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Lancashire County Cricket Ground
4 September 2010

With the crowd growing ever more impatient, around fifty ordinary men and women walk onto the exact same stage three extraordinary men would stand minutes later. Holding various signs bearing slogans such as "They will not force us", the protesters give an obvious clue to what we can expect to happen next. The protesters move off stage only for Christopher Wolstenholme to enter stage, closely followed by fellow band mates, Dom and Matt. The crowd goes crazy as the blaring intro to "Uprising" begins.

The first thing you have to notice about Muse other than the sound are the crazy outfits.  The frontman who's dressed in a suit that closely resembles a disco ball jumps, no wait, almost flies around stage like a superhero while the bassist looks like he could be Beetlejuice in an eccentric black and white striped suit.

Somehow though, he can still pull this look off in a way that makes the crowd idolise him and want that suit. Dom, however, looks like he's just walked out of some cheesy 80's space movie in a shiny silver spandex jumpsuit that is actually rather disturbing.

You can tell the thing that is going through every onlookers mind is "What on earth is that guy wearing this time?!" The thing is, he still looks good. Damn it, he even manages to look good in a Spiderman suit as some hardcore Muse fans will know!

The stage is exactly what you'd expect from Saint Matthew and co; totally alien. Just looking at it makes you feel dizzy as it's impossible to judge the depth (if you're human that is).

It's a supermassive diamond structure that carries 51 LED screens and 49 projection panels down it's sides which all contribute to Muse's outstanding visual effects. The plane that passes above halfway through the setlist just adds to the effects because in the minds if the thousands of fans staring up at it, it isn't a boring old aeroplane; it's the zetas coming to take over the world and Muse are the only ones that can stop them with the power of their music.

It's obvious that Matt Bellamy is extremely talented but when the Rachmaninoff-esque piano interlude kicks in halfway through "Butterflies and Hurricanes" you begin to question whether it is actually possible for one single human being to be so skilled. It is evident that I'm not the only one who thought this as the majority of the crowd now has their jaw glued to the floor; all in some weird, stupefied trance.

The only real downside to this gig (before you yell at me for insulting Muse just listen!) was the absence of the huge chrome UFO Muse have been promising to unveil since being unable to pass the strict health and safety regulations at V in 2008.

It has been used numerous times around mainland Europe during their gigantic stadium tour but unfortunately this venue was not built with plans to accommodate a big, fat UFO. As far as I know, in 1857 they didn't have any idea that one of the biggest and strangest live bands Britain has ever produced would be playing there 153 years later; to the dismay of the Muse fans today.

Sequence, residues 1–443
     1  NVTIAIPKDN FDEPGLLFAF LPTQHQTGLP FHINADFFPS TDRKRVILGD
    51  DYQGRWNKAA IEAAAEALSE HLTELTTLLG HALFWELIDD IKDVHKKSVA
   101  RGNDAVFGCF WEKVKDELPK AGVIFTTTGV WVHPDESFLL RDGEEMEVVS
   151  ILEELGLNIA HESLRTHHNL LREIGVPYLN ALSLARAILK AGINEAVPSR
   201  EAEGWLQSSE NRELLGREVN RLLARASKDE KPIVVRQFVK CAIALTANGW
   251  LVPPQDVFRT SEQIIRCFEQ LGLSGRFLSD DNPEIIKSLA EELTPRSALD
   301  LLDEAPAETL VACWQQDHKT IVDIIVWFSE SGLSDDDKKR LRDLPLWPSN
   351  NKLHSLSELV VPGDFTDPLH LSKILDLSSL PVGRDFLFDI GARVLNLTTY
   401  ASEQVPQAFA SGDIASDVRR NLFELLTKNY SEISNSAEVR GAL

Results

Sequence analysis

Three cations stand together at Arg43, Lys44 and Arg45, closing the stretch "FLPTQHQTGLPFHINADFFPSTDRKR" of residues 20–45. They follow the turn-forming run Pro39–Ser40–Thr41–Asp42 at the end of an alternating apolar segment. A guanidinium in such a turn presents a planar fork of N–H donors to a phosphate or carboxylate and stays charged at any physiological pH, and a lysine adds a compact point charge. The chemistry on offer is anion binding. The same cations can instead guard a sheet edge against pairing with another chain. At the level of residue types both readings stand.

As Chris and Dom end "MK Jam" perfectly, the intro to "Undisclosed Desires" kicks in as the band rise up into the air on a, well, flying saucer of a stage. Matt has now swapped the stunning grand piano which he used for "United States of Eurasia" and "Feeling Good" for an equally attractive Manson Keytar as they rise above the crowd and conquer the world. Ok, so maybe not the world but Muse are more than capable of flabbergasting an entire stadium of around 55,000 fans. This is the sort of venue Muse were destined to play from day one.

"Resistance" draws to a close with a dramatic drumbeat from Dom and a depressing, distorted, whaling sound from Matt's guitar. It sounds like the sort of music you'd get in a sad scene on telly but Muse actually convey a true sense of emotion here and the crowd is completely silent for the first time all night. This silence is soon broken by the upbeat drum rhythm of "Starlight" and the audience begin to clap enthusiastically along with the familiar tune.

While watching this space-age, rock, megashow it's hard to believe that just 3 years ago Muse were new to the realm of stadium tours. Mad Matt prances around stage making it evident that this is what he was born to do. He is truly a musical genius.

The lulling falsetto of "Exogenesis: Symphony Part 1 (Overture)' marks the beginning of the end of what was an amazing night as encore number one starts. This is contrasted by one of Muse's heavier songs, "Stockholm Syndrome" which induces some moshing from the fans.

Muse exit the stage leaving the crowd gobsmacked and screaming for more. Muse enter for their final encore a good five minutes later, Matt now wearing a rather flashy suit. Literally. It is covered in tons of LED lights.

After playing Take A Bow on the flying saucer, they come back to earth for the air raid sirens of "Plug In Baby" and the galloping beat of "Knights of Cydonia". Muse finally exit stage for good this time with steam jets covering them and a mass of astounded fans. After this, there is no doubt Muse are the greatest live band around today.

Review by Abigail Suter

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